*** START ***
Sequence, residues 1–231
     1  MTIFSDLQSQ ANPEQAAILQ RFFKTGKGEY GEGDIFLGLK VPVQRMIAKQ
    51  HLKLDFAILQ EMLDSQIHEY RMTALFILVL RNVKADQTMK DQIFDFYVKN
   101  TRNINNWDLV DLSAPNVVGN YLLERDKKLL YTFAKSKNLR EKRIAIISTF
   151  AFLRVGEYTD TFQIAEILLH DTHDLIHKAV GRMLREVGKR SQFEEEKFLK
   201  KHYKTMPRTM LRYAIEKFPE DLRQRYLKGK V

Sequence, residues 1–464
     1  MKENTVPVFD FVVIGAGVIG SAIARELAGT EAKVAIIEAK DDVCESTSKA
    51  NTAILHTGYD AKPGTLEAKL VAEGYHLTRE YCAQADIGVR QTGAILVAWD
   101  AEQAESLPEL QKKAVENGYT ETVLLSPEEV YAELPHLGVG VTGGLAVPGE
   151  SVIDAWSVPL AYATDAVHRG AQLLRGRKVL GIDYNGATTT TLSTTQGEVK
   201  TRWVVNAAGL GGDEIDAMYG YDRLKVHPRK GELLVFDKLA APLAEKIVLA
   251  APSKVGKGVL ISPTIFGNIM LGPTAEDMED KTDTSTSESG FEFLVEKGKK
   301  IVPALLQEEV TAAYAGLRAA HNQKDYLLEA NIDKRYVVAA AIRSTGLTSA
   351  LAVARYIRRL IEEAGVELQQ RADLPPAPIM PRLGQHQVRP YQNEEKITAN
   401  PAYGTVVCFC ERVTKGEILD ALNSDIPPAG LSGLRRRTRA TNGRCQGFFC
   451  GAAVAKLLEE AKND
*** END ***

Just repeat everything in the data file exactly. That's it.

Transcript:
Sequence, residues 1–231
     1  MTIFSDLQSQ ANPEQAAILQ RFFKTGKGEY GEGDIFLGLK VPVQRMIAKQ
    51  HLKLDFAILQ EMLDSQIHEY RMTALFILVL RNVKADQTMK DQIFDFYVKN
   101  TRNINNWDLV DLSAPNVVGN YLLERDKKLL YTFAKSKNLR EKRIAIISTF
   151  AFLRVGEYTD TFQIAEILLH DTHDLIHKAV GRMLREVGKR SQFEEEKFLK
   201  KHYKTMPRTM LRYAIEKFPE DLRQRYLKGK V

Sequence, residues 1–464
     1  MKENTVPVFD FVVIGAGVIG SAIARELAGT EAKVAIIEAK DDVCESTSKA
    51  NTAILHTGYD AKPGTLEAKL VAEGYHLTRE YCAQADIGVR QTGAILVAWD
   101  AEQAESLPEL QKKAVENGYT ETVLLSPEEV YAELPHLGVG VTGGLAVPGE
   151  SVIDAWSVPL AYATDAVHRG AQLLRGRKVL GIDYNGATTT TLSTTQGEVK
   201  TRWVVNAAGL GGDEIDAMYG YDRLKVHPRK GELLVFDKLA APLAEKIVLA
   251  APSKVGKGVL ISPTIFGNIM LGPTAEDMED KTDTSTSESG FEFLVEKGKK
   301  IVPALLQEEV TAAYAGLRAA HNQKDYLLEA NIDKRYVVAA AIRSTGLTSA
   351  LAVARYIRRL IEEAGVELQQ RADLPPAPIM PRLGQHQVRP YQNEEKITAN
   401  PAYGTVVCFC ERVTKGEILD ALNSDIPPAG LSGLRRRTRA TNGRCQGFFC
   451  GAAVAKLLEE AKND